Alienation and Lack of Trust
Barriers to Seeking Substance Use Disorder Treatment Among Men Who Struggle to Cease Anabolic-androgenic Steroid Use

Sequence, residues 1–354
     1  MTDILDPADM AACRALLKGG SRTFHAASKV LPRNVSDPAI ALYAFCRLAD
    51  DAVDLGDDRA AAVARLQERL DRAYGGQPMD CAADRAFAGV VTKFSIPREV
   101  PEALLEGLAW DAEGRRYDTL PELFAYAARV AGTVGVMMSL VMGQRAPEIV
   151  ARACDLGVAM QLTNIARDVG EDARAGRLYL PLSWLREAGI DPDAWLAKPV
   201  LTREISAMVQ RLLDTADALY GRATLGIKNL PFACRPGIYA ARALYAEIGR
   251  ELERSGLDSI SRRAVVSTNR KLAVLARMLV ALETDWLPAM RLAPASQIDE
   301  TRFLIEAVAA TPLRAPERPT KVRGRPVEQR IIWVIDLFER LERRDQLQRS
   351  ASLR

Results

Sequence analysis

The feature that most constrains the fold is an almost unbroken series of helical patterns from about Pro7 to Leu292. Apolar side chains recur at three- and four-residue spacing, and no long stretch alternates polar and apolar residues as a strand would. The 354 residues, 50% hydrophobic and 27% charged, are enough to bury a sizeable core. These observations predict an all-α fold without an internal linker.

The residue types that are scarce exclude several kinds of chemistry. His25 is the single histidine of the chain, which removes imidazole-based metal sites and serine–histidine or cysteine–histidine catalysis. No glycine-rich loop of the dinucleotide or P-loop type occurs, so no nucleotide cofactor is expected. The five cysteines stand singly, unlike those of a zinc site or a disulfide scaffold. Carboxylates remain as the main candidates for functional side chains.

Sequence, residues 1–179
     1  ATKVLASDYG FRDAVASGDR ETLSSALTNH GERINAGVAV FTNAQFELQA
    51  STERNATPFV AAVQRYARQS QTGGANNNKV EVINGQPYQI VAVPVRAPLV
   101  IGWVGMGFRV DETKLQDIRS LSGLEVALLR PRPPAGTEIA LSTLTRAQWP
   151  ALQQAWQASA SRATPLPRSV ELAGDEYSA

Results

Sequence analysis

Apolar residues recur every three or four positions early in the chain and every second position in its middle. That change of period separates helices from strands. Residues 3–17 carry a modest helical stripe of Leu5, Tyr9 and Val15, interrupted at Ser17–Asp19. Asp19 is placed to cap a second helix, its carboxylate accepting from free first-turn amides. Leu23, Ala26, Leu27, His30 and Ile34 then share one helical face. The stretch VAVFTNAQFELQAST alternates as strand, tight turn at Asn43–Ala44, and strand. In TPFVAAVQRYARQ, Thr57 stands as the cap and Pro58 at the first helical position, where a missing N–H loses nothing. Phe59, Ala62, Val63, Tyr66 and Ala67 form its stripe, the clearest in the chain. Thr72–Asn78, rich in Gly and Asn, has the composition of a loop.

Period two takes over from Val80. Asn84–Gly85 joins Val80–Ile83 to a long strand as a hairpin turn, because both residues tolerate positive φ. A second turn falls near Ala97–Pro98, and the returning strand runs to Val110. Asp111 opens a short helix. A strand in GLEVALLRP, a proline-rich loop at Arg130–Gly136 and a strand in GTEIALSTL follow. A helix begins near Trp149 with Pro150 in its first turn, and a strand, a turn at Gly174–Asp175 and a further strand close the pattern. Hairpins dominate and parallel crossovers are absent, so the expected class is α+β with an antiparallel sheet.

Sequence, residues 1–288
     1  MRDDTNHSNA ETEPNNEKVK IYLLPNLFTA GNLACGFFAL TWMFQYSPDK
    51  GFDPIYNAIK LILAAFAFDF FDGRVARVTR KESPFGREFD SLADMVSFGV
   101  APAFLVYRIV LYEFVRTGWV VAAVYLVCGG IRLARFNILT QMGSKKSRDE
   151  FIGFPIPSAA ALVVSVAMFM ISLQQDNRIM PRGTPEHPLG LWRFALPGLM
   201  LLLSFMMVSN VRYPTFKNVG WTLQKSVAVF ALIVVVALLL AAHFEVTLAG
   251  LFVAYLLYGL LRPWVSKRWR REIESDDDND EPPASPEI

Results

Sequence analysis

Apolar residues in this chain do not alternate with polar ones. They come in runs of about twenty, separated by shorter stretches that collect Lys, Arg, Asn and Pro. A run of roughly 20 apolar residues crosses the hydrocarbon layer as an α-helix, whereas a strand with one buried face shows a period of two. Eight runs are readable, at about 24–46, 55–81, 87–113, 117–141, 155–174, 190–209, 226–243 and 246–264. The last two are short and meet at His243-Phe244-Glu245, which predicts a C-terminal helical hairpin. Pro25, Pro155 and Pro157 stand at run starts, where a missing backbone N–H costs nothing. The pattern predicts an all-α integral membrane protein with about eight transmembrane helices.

Anabolic-androgenic steroid (AAS) use became illegal when the Norwegian Drug Act was amended in 2013, and AAS and other image- and performance-enhancing drugs were included in the politics and treatment of substance use. Few individuals with AAS-related health problems seek substance use disorder (SUD) treatment. This article aims to explore understandings of AAS dependence, barriers to treatment-seeking, and experiences of entering SUD treatment among a sample of men with AAS-related health problems struggling to cease AAS use. Seeking treatment for AAS-related health problems within SUD treatment services was described as alienating. First, because the participants experienced their struggle to quit using AAS to be different from being dependent upon psychoactive substances. They linked their struggles to symptoms of hormonal disturbance, need for a certain body size, and/or the sense of wellbeing provided by AAS and which enable them to function socially. Second, they experienced alienation because of their healthy identities, bodies and lifestyles, as opposed to how they viewed individuals with severe SUDs and emaciated bodies. A major barrier to treatment-seeking was participants’ lack of trust that SUD treatment providers had the knowledge and the means to provide treatment of their AAS-related health problems and struggle to quit AAS use. Experienced barriers towards seeking SUD treatment should be taken into account when planning, organizing and implementing health services for individuals with AAS-related health problems.
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